History has it that in the late 1500 AD important Mughals camped in this “char bagh” with a stunning chhattis-dari (36-pillared pavilion) at its heart. This shielded the women in its underground chamber during the summer. Later, as the conquering Maratha army marched towards Delhi, the Jadhavs took possession of this natural water catchment area. Sardar Deorao Bhausaheb Jadhav and his son Sardar Krishnarao Deorao Jadhav used this 'bagh' as a summer house with the ladies’ section in Deo Bagh and the mens’ section in Jai Vihar, the family's current home.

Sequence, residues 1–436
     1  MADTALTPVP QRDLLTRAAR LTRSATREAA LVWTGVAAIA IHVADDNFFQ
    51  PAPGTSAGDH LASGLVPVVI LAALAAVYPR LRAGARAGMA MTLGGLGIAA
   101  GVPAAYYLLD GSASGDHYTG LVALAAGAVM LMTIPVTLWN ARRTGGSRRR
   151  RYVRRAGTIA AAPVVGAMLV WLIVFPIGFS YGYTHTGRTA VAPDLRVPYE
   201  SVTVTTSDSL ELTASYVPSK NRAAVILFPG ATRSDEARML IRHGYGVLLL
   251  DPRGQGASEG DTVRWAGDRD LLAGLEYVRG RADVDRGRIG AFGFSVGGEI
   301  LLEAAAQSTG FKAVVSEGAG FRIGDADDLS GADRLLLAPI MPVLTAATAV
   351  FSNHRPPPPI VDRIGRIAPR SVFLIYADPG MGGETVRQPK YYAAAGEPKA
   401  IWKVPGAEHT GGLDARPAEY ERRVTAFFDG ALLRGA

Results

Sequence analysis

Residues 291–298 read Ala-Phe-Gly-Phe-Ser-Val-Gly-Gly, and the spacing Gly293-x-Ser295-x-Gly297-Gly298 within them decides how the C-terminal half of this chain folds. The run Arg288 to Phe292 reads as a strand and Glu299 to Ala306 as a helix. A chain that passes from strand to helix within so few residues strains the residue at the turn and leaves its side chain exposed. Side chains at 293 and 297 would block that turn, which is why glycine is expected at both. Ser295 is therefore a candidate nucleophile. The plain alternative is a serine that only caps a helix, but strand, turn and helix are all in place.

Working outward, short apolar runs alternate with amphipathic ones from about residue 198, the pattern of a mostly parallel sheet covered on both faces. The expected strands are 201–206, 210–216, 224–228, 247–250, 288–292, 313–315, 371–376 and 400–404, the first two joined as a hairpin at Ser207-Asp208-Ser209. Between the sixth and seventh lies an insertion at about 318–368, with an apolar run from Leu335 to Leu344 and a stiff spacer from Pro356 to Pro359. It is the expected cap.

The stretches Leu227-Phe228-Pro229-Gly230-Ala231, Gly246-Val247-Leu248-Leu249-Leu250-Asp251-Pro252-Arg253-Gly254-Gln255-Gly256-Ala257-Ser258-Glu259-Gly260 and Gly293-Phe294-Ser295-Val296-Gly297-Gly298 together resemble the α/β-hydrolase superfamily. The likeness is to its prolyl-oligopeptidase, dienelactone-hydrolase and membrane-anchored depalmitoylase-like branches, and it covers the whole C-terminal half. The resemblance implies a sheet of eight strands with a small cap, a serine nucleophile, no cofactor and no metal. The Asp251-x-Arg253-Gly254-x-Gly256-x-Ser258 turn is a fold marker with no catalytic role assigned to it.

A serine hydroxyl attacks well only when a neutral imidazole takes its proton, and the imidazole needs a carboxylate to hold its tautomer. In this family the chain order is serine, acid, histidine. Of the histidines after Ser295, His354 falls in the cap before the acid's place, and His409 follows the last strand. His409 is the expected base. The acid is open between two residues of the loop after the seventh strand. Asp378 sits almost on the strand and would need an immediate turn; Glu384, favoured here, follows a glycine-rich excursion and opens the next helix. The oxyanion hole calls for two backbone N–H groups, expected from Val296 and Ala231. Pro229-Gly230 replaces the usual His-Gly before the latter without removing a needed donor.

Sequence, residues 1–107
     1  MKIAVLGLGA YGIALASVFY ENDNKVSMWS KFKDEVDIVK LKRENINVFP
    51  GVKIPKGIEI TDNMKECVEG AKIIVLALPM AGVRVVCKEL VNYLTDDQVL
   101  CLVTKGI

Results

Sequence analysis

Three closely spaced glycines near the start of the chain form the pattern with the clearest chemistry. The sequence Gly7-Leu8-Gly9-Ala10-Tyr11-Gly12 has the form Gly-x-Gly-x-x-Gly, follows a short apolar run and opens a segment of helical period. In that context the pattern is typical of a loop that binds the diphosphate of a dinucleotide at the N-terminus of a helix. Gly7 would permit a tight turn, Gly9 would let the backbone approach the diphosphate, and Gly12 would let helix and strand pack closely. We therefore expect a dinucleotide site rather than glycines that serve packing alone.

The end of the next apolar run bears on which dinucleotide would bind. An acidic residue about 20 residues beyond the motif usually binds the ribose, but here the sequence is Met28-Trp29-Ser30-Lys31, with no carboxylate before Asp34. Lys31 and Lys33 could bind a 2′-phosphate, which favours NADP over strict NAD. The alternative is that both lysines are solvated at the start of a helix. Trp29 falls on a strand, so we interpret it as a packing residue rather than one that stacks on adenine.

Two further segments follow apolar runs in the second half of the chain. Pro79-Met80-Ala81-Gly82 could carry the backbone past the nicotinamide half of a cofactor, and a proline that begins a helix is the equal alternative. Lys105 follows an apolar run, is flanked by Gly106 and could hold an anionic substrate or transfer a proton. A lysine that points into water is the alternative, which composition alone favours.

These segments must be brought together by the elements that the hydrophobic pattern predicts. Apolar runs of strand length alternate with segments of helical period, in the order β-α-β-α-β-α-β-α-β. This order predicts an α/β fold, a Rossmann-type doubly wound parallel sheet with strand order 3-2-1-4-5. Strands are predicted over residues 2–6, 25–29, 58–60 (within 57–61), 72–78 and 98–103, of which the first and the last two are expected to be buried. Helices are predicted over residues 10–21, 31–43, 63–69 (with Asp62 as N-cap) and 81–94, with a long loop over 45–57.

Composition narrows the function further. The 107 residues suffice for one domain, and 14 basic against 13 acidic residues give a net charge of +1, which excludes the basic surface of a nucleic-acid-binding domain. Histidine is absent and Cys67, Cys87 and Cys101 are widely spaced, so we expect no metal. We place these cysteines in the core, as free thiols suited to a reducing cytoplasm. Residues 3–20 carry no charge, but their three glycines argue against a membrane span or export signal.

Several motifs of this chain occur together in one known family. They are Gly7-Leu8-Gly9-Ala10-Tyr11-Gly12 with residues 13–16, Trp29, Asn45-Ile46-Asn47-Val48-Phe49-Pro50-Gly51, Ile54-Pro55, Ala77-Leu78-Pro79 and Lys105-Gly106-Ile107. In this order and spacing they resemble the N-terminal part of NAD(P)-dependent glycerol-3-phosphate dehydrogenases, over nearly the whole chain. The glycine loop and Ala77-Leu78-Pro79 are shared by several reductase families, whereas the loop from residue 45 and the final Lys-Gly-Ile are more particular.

The garden complex houses the most exquisite family temples, a ‘hathi khana’ for elephants, stables and cenotaphs. Important Gwalior State meetings, especially against the British – when the valiant Rani of Jhansi fought from the fort rampart close by, were held here during that time.
After India’s independence, this has been the home of Sardar Deorao Krishnarao Jadhav, his son Sardar Dhananjayrao Deorao Jadhav and his wife the Ranisaheba, since 1954 when they left their ancestral Lakshmi Vilas Rajwada.